Greg Lukianoff
Courtesy photo

Las Vegas, N.M. – Greg Lukianoff, a campus free speech advocate, will speak at New Mexico Highlands Nov. 8 at 4:30 p.m.

Lukianoff’s free public talk, Unlearning Liberty and Free Speech, will be in the Highlands Student Center Theater, 800 National Ave.

Lukianoff, a New York Times bestselling author and attorney, founded the Foundation for Individual Rights in Education (FIRE) in 1999. The nonpartisan nonprofit focuses on civil liberties in academia in the United States.

In his 2014 book Freedom from Speech, Lukianoff wrote: “Intellectual comfort is as dangerous as it is seductive.” He also wrote: “Colleges have a twofold duty when it comes to dealing with censorship. First, there is the duty to not censor the free expression of ideas, especially important and newsworthy ones. Second, colleges have the duty to protect speakers from being silenced by others.”

Lukianoff’s other books include Unlearning Liberty: Campus Censorship and the End of American Debate in 1994. Most recently, in 2018 he co-authored, The Coddling of the American Mind: How Good Intentions and Bad Ideas are Setting Up a Generation For Failure.

“Lukianoff’s message is related to the idea that without free speech, people are not exposed to ideas that might lead them to think critically or differently about their position,” said Beth Massaro, social work professor at Highlands. “Universities in particular have an obligation to create opportunity for dissent and disagreement to develop critical thinking and to engage in effective argument.”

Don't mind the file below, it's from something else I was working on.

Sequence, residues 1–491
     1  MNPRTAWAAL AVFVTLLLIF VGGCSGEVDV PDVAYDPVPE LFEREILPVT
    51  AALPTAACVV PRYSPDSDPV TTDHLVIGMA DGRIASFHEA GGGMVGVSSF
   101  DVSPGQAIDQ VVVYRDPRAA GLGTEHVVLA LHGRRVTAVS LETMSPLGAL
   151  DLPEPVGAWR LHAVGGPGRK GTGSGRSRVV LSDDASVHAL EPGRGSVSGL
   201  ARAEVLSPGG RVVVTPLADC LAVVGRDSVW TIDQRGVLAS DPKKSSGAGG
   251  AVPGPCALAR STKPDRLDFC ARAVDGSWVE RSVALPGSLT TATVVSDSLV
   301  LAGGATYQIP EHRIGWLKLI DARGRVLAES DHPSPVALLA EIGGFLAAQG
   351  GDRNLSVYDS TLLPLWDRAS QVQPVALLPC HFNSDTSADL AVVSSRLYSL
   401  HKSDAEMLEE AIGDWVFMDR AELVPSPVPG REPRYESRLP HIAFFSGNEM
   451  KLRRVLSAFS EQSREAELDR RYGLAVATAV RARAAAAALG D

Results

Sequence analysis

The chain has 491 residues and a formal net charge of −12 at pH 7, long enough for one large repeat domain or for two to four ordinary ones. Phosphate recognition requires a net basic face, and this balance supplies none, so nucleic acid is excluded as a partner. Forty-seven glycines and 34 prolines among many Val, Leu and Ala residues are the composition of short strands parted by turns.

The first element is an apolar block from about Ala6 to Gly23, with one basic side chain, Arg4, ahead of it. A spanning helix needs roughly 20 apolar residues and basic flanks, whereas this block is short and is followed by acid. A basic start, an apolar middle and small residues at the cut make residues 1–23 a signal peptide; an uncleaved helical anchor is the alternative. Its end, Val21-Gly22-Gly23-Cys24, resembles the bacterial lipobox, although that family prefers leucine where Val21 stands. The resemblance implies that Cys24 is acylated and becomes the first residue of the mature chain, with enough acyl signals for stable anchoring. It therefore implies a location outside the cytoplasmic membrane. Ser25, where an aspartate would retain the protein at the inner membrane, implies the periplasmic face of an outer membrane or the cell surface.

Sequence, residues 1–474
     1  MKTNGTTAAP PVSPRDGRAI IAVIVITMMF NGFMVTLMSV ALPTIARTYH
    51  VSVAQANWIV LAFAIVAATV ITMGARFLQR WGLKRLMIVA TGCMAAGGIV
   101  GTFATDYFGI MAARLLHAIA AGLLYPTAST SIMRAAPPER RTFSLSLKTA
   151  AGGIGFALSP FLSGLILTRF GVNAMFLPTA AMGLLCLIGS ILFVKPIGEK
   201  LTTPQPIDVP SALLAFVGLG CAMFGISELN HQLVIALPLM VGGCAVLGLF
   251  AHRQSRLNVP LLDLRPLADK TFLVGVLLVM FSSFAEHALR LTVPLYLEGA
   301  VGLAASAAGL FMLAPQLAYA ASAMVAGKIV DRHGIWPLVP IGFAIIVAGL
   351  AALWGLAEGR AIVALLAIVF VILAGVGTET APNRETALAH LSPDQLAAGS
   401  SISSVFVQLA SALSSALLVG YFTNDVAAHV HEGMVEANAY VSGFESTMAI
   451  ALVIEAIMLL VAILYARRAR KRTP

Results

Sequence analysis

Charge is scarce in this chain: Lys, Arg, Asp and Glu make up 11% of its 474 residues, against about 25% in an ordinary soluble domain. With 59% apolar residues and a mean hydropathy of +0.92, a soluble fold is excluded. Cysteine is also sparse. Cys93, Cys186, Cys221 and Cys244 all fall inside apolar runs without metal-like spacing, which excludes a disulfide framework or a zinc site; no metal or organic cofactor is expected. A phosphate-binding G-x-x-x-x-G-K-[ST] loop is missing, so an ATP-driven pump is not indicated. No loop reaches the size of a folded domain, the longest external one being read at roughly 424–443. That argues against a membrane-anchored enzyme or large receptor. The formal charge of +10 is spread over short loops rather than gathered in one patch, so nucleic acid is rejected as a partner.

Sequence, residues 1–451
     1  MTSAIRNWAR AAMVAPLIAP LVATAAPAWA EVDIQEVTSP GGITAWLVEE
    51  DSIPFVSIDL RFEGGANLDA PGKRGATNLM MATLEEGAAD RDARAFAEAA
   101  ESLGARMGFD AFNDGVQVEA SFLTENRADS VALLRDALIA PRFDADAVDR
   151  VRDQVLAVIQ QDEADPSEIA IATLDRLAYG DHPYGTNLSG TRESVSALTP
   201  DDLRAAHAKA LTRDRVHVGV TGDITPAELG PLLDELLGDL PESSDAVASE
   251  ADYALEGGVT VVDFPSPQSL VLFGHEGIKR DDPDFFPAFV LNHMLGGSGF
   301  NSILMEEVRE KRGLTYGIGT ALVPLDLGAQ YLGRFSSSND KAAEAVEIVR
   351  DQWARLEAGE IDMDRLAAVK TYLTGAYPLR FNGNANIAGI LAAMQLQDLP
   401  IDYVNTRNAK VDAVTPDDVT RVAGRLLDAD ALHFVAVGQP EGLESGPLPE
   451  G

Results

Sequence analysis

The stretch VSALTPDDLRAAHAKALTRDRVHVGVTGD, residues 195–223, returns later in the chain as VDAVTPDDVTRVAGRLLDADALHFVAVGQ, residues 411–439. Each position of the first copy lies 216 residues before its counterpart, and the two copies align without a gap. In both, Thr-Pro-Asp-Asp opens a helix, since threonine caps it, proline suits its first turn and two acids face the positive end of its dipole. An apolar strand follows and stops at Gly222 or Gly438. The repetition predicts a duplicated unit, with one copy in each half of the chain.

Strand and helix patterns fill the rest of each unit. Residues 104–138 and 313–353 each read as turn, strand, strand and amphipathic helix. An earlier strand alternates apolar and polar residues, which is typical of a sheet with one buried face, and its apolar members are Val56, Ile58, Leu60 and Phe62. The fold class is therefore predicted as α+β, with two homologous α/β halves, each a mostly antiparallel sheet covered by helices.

Massaro played a key role in bringing Lukianoff to speak at Highlands when she was the Highlands University President’s Leadership Fellow in the 2017-2018 academic year. Highlands President Sam Minner is sponsoring Lukianoff’s talk.

“We are a university with particularly sophisticated students when it comes to understanding the importance of freedom of speech,” Massaro said, “To have a speaker like Mr. Lukianoff is empowering and affirming of who our students are and what they have to say.”

Massaro said one of Lukianoff’s noteworthy quotes is: “Comfortable minds are often not thinking ones.”

“In our deeply polarized political climate, discussions about the limits and meaning of free speech are more important than ever,” said Brandon Kempner, Highlands English professor and chair of the Department of English. “This is a rare occasion for Highlands’ students to engage in a national conversation with a well-known, and sometimes controversial, speaker.”

In addition to his books, Lukianoff is widely published in newspapers such as The New York Times, The Wall Street Journal, The Washington Post, Los Angeles Times, and The Boston Globe.

He frequently appears on TV shows and radio programs, including the CBS Evening News, The Today Show, and National Public Radio’s Morning Edition.